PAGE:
1. Mary, unmarried. 

2. Lydia, m. James L. 

Angell. 

3. WylUs. 

4. Hamilton, u n m a r- 

ried. 



Oct. 8, 
1811. 



1834 
1885 

1838 
1841 



Oct. 5, 

1872. 



1866 



1851 

Oct. 10, 

1881. 



Laporte, Ind. 



Alexander H. R. was born in Erie county, Pennsylvania, but 
shortly after his marriage removed to northern Indiana, where 
he spent his life. He was a farmer, a merchant, and a general 
business man, a man of great activity and public spirit, and filled 
several ofiices of public trust, as sheriff, member of the State 
Legislature, and an officer in the army during the Civil War of 
1861-1865. He was a man of large popularity. His wife was from 
a New England family, residing at Ripley, New York. 

pected death was a commissioner to the General Assembly of 
the Presbyterian church. United States of America, that was to 
meet that week at Pittsburg, Pennsylvania. 



108 



Marriage. 


Gen. 


ROBINSON FAMILY. 


Birth. 


Death. 


Reaidenoe. 


Apr. 28, 


V 


f Eliza McOobd Robin- 


Aug. 18, 


Nov. 80, 


North East, 


1889. 




son", Tllomas^ 
George', Philip*, 
Thomas*. 


1818. 


1867. 


Pa. 






*Dyeb Loomis, magis- 


Oct. 1, 


Dec, 2, 








L trate. 


1810. 


1901. 






VI 


1. Mary Eliza, unmar- 
ried. 


1841 


1862 


North East. 




(t 


2. Joseph Warren, m., 
no issue. 


1848 


1896 


North East. 




(C 


3. George Lamartlne. 


1847 


Aug. 26, 
1862. 


North East. 


Aug. 14, 


V 


r Samuel M c C o b d 


Jan. 26, 


Feb. 12, 


Plymouth, 


1888. 




Robinson*, 
Thomas^, George', 
Philip', Thoma8\ 
^ Nancy Townsend. 

* 


1816. 


1892. 

Dec. 18, 
1898. 


Ohio. 




VI 


Mary Louise, unmar-'Feb. 26, 


July 27, 








ried. ' 


1839. i 


1888. 





Samuel McC. R. entered upon a mercantile life at an early age 
at Springfield, Erie county^ Pennsylvania, where he married the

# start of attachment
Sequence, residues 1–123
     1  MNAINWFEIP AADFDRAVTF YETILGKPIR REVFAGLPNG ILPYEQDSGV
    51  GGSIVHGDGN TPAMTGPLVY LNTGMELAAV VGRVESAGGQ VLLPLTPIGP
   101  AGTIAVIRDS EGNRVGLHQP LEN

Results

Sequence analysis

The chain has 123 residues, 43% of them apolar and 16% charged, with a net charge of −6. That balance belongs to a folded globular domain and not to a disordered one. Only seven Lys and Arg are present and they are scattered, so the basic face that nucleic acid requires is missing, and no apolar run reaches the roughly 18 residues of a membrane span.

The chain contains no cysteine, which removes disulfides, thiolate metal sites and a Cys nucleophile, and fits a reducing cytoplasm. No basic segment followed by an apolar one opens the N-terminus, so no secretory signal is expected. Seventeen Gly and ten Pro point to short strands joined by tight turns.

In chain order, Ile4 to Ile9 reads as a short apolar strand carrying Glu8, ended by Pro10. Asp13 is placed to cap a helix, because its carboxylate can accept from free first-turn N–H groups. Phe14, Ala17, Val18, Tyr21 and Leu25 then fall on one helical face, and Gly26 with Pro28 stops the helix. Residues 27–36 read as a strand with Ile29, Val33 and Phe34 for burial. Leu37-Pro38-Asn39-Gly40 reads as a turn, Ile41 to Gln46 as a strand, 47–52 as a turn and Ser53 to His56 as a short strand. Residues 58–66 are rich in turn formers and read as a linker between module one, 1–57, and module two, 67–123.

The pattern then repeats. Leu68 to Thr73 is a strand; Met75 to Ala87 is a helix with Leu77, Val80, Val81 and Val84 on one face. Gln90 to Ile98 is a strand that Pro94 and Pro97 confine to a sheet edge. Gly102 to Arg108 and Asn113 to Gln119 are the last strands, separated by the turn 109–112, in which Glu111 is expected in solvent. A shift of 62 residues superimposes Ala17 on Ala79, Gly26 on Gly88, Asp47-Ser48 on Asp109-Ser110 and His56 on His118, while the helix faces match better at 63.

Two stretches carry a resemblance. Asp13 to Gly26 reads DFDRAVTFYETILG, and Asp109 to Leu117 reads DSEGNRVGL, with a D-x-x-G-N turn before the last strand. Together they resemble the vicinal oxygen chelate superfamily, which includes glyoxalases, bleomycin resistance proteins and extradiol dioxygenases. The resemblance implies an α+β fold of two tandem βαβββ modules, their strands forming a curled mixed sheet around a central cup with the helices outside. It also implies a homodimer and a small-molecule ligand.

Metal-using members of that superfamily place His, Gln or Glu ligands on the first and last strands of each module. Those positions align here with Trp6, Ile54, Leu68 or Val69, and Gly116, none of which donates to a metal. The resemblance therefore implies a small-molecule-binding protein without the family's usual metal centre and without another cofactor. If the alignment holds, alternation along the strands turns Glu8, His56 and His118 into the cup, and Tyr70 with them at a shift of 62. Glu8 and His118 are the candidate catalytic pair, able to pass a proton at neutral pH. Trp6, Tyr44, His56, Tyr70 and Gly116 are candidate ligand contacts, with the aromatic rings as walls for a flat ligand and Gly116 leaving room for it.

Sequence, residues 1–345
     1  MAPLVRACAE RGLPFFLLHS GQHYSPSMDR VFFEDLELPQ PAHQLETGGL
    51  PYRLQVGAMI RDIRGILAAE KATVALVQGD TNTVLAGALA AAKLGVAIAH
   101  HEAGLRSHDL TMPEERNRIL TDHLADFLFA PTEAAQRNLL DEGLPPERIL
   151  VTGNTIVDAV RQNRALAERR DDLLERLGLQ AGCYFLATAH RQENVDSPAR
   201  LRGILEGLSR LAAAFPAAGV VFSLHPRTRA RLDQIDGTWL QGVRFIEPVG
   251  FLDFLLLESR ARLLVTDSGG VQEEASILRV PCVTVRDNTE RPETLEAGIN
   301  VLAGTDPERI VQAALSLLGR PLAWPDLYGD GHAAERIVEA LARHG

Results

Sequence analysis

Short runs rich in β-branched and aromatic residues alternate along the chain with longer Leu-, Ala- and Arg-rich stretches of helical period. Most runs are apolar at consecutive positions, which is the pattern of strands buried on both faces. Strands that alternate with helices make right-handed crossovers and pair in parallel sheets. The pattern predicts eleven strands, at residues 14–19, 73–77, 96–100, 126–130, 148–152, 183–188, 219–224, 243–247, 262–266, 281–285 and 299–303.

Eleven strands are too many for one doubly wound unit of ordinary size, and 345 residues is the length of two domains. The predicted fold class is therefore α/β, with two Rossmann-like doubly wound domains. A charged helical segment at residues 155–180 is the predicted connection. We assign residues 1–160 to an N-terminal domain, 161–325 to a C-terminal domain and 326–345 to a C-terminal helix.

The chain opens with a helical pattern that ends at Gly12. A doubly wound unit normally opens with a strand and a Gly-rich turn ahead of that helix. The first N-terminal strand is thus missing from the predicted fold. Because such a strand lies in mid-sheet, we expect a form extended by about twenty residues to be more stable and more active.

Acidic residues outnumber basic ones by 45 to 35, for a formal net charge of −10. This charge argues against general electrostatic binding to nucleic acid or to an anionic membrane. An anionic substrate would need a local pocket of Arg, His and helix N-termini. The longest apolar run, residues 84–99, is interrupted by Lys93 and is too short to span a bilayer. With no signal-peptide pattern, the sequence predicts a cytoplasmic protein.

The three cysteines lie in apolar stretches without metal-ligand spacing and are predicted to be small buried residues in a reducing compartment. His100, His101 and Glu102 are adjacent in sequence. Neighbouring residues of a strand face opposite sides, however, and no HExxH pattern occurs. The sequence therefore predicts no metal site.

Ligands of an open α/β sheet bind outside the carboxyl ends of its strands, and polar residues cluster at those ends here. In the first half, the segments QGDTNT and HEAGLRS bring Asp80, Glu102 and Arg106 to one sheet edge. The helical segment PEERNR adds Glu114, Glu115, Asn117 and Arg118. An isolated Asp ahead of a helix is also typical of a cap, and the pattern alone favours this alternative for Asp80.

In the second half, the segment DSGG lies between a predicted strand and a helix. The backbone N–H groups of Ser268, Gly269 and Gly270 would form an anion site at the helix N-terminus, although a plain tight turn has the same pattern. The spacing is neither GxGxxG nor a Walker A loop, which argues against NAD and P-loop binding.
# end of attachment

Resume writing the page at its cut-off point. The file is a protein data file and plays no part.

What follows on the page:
daughter of his partner. The largest part of his life was spent at 
Plymouth, Ohio, from 1845 to 1892, where he was a successful com- 
mission merchant of wide reputation. He was a man of upright 
and noble character, of handsome presence, tall, dignified and 
gentlemanly in his bearing, and a universal favorite among his 
fellow men. For many years he was a director of the S. M. and 
N. R. R., originator and vice president of the First National Bank, 
and had within his reach almost any office in the hands of his 



*Mr. Loomis was of a large New England family that settled in 
Erie county in the earliest years of the century until his death, 
at a great age, in 1901, he was still an active business man. He 
had been in public office for more than half a century, and had 
been a Ruling Elder in the Presbyterian church of North East 
since Nov. 25, 1849. He was captain of Company C, 145th Regi- 
ment of Pennsylvania Volunteers in the late Civil War, 1861-1865, 
from Aug. 26, 1862, to Sept. 5, 1863. His son, Lamartine, was a 
member of his father's company, being discharged on surgeon's 
certificate. He will be long remembered for his sterling worth 
as a man, a citizen, and a Christian. 



109 



fellow citizens. It was said of him by a prominent business man